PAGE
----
Tonina’s passion for the low notes is creating a hum in St. Louis.
The Dark Room is a funky, friendly and – not insignificantly – free jazz oasis situated at the front of the Grandel Theatre in the Grand Center Arts District of St. Louis.
It’s a space Tonina Saputo knows well.
The bassist and vocalist, known professionally as simply Tonina, played the Dark Room once a week as a Kranzberg Arts Foundation Musician in Residence last year. With other demands on her schedule these days, the frequency has gone down to about once a month. Still, returning here feels natural.
Upstairs in the Grand Hall, a room with high vaulted ceilings and decorative leaded-glass windows, Tonina cradles her bass, eyes closed, playing and humming a few repetitive, descending notes while a photographer snaps away.
It’s a slow afternoon for Tonina – something that may be in short supply soon. One senses that the St. Louis native is gearing up for her Big Moment.
Former U.S. President Barack Obama might agree, as he recently placed her song “Historia de un Amor” alongside tunes by national artists Janelle Monae, Cardi B, Hozier and H.E.R on his 2018 year-end playlist. After Tonina learned about the news from friends tagging her on Obama’s Instagram post, digital play counts for the song and for her album “Black Angel” have ticked upward.
Still awed by the out-of-the-blue honor, Tonina admits that the admiration is mutual.
“Not just because of all the things he’s done, his presidency, but because he speaks on issues that I truly believe in,” she says. “And also, who he is: He’s half-African, half-white, like I am. He looks like me. We come from similar backgrounds. I’ve always been a fan, especially as a speaker and his values. So it hit extra hard.”
Being name-checked by a former world leader understandably is high praise for someone who has made music her life’s focus. Tonina began playing the bass at age nine in Kirkwood, where scholarships provided her private lessons with members of the St. Louis Symphony. She later became a member of the Missouri All-State Orchestra and the St. Louis Symphony Youth Orchestra, where she was a section leader – and the experiences have stuck with her.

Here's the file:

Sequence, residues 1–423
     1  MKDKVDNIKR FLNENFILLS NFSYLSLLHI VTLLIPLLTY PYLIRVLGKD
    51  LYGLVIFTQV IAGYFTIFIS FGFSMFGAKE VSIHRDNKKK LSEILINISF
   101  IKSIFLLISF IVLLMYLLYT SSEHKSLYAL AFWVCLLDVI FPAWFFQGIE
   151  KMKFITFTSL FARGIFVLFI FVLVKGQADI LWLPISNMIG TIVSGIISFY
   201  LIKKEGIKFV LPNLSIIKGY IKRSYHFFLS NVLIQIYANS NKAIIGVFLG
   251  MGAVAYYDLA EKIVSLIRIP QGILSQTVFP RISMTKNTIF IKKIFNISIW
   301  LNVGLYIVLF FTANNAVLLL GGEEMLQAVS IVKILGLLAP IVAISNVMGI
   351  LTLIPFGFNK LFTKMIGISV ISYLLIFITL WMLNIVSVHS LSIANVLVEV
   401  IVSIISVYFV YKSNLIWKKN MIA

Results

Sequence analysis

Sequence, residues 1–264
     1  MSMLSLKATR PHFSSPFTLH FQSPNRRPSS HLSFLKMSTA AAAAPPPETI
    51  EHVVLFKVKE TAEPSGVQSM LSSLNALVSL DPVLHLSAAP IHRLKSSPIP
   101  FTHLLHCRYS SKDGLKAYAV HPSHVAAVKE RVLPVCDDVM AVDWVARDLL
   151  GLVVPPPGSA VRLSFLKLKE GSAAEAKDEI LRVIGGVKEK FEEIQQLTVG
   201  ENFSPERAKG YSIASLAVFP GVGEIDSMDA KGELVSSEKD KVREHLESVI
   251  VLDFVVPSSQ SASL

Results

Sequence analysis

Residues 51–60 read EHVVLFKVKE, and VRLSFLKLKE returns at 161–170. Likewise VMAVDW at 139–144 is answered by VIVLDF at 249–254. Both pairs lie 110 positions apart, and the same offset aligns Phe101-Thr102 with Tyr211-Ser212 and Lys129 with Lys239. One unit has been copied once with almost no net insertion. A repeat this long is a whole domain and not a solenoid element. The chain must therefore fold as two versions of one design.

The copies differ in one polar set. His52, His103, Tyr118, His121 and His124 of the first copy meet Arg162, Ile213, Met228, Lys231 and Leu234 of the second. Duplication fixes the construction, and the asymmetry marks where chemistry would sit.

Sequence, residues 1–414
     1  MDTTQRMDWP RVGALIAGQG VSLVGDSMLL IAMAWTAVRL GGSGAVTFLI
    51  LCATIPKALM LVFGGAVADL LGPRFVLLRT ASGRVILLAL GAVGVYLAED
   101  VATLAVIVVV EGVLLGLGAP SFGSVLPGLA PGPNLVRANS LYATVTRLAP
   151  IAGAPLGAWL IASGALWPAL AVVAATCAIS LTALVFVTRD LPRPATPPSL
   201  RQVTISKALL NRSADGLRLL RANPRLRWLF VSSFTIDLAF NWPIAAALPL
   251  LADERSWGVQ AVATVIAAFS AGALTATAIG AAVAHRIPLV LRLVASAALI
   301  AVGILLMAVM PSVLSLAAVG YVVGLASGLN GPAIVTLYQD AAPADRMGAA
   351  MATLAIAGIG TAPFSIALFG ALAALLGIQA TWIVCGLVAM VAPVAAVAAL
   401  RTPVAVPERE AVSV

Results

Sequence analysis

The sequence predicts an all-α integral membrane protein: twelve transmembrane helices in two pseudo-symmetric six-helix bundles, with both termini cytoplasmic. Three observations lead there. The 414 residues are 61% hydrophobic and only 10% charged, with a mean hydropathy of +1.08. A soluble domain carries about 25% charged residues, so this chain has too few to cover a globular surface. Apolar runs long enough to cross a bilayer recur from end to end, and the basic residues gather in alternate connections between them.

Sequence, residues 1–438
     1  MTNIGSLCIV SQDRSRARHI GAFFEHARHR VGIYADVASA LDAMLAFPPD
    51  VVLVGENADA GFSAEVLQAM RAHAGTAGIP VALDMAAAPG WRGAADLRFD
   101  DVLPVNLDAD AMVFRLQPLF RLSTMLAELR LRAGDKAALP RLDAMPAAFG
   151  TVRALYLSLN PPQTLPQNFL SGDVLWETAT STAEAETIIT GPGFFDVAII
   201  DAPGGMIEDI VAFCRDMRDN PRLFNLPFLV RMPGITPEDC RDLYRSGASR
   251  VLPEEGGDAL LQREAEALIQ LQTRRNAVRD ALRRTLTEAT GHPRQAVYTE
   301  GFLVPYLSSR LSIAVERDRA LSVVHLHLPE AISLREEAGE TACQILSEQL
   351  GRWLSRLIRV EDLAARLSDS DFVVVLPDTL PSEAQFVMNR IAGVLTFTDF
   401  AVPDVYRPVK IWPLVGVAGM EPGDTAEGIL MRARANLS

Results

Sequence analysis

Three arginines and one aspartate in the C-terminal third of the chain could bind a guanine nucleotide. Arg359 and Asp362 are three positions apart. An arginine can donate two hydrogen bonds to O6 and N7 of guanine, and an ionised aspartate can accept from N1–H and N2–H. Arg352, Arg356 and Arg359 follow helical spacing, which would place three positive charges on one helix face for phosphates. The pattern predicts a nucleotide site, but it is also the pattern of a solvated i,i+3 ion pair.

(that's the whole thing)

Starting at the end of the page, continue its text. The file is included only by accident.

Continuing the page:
“The best feeling I’ve had in music ever is playing with a symphony,” she says.
Later, Tonina studied at Berklee College of Music, which took her to Valencia, Spain, where she worked with Grammy-winning producer Javier Limón. Limón would go on to produce Tonina’s “Black Angel” album and release it on his Casa Limón label.
She’s performed around the world and regularly is asked to play festivals throughout the United States, but Tonina acknowledges that there’s something special about performing in St. Louis.
“The Dark Room, specifically has been great,” she says. “Catching free music and giving these artists a place to perform – it’s super meaningful to the musicians around town. It’s very rare that you’re going to find a jazz club that’s free, especially in any other city. But we have it here.”
Tonina regularly makes her way through St. Louis’s venues. A week earlier at the World Chess Hall of Fame in the Central West End, she captivated a capacity crowd, performing songs in English, Spanish and Sicilian – a mix of originals along with covers by the Jackson Five (“I Want You Back”), Outkast (“Hey Ya”), and Nirvana (“Smells Like Teen Spirit”).